New Year’s traditions differ across the Pacific. Americans break out bottles of champagne and wake up with headaches and fuzzy memories. Koreans try to maintain sobriety in order to bow to family elders on Jan. 1 and receive blessings for the peace, prosperity, and health of their entire clan. Such cultural differences, as superficial as they might seem, might offer a lesson in foreign policy.
Every fall, when the leaves begin turning yellow and brown, I think of my late grandmother. Born in 1913 in what is now South Korea, she spent some of her early life in what is today North Korea. In both parts of the then-undivided peninsula, my grandmother lived according to the rhythm of the changing seasons; in her later years, she loved recalling the harvests of her youth, when Korea’s fields were bursting with life-sustaining golden grain. For me, her granddaughter, fall remains a time to assess what I have harvested in my life, and to examine the fruits the world has borne – or failed to bear. This year I’ve concluded that, while North Korea has reaped a bumper crop of political gains since last fall, the United States has come up empty.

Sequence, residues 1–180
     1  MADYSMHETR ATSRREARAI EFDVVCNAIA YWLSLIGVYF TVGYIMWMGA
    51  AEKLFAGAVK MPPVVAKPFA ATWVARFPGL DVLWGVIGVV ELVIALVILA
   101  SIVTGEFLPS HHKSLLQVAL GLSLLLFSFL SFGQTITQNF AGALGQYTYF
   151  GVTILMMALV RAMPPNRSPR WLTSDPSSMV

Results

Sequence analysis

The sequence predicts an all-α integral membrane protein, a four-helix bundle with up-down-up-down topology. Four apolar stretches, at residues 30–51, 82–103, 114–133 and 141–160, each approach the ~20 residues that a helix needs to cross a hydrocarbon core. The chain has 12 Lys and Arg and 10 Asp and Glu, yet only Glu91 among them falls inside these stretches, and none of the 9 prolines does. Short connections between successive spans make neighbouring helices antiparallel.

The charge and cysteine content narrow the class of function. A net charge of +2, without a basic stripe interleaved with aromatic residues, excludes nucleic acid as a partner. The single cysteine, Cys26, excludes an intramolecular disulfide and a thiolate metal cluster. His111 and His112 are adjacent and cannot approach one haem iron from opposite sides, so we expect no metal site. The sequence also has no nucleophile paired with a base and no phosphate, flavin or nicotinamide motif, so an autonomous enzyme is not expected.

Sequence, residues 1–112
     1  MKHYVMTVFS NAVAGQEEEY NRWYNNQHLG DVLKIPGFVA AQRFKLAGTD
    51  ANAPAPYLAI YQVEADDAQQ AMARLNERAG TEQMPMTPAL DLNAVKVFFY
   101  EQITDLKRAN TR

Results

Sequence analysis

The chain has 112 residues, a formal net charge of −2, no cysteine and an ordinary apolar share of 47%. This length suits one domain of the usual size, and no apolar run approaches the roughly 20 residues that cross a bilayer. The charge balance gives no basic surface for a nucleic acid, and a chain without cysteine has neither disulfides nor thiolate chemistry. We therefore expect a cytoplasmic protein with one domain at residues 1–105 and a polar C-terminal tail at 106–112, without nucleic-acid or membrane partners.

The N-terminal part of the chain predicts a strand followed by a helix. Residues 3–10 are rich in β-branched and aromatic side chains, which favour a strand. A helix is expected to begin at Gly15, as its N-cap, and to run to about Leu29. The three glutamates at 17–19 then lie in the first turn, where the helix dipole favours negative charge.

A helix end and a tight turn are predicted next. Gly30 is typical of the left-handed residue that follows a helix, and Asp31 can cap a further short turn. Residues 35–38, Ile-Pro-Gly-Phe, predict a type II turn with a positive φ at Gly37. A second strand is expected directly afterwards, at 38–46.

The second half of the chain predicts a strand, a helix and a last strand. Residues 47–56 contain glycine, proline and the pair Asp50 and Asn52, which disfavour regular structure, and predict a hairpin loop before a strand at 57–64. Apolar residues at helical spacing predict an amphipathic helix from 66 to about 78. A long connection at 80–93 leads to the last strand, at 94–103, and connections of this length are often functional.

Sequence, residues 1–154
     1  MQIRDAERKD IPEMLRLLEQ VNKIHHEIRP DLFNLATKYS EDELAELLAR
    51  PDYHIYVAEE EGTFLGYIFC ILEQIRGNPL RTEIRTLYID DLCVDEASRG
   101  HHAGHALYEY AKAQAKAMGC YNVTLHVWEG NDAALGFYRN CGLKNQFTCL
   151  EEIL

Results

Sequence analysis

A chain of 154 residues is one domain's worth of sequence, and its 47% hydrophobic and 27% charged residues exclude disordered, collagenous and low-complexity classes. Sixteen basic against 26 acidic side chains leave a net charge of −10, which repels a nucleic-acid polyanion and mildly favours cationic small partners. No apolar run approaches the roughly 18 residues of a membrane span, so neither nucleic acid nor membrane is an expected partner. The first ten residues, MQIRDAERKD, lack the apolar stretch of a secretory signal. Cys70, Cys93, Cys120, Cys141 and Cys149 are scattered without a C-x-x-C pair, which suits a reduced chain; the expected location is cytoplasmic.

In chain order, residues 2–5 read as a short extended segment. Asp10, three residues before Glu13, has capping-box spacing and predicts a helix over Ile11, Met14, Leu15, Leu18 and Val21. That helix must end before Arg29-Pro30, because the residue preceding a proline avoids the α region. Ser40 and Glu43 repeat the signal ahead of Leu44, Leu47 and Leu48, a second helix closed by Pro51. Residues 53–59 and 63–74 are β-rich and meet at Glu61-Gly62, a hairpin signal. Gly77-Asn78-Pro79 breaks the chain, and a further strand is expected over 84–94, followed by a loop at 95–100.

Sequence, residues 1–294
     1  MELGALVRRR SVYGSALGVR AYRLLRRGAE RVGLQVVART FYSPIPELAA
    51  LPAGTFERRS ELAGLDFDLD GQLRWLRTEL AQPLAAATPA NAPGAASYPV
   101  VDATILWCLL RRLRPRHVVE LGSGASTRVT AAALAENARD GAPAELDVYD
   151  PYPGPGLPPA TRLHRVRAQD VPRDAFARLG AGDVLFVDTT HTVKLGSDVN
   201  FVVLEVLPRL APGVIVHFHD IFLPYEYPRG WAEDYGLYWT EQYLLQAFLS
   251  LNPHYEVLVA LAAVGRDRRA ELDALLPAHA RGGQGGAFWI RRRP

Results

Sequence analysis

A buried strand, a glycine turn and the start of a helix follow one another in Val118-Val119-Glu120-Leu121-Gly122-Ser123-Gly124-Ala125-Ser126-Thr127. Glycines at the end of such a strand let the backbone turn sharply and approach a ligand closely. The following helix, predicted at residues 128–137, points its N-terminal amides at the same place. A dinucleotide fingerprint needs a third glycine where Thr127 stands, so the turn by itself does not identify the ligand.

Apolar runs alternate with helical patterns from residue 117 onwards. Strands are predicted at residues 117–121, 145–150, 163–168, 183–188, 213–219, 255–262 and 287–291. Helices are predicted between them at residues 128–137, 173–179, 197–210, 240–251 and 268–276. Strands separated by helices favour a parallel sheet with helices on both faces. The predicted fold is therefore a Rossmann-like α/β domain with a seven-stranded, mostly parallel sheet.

It’s been a roller coaster ride for anyone following plans for a June 12 summit between Donald Trump and Kim Jong Un. The actors were contradictory, the stage sets numerous and the messages chaotic. Within days of Trump’s May 24 cancellation of the Singapore meeting – and then the withdrawal of his withdrawal – President Moon Jae-in of South Korea met with the U.S. president in Washington and with the North Korean leader on the northern side of the demilitarized zone (DMZ) to help keep the summit alive. Meanwhile, U.S. officials flew to the DMZ and Singapore and a top North Korean official came to New York to plan (again) for the encounter.
The Trump administration no doubt hopes that the North Koreans will shake with fear and come to the negotiating table with full transparency and obedience to Washington’s will now that the United States has withdrawn from the Iran nuclear deal. But the White House is confusing Iran with North Korea (DPRK) and ignoring key geopolitical differences between the two countries and regions.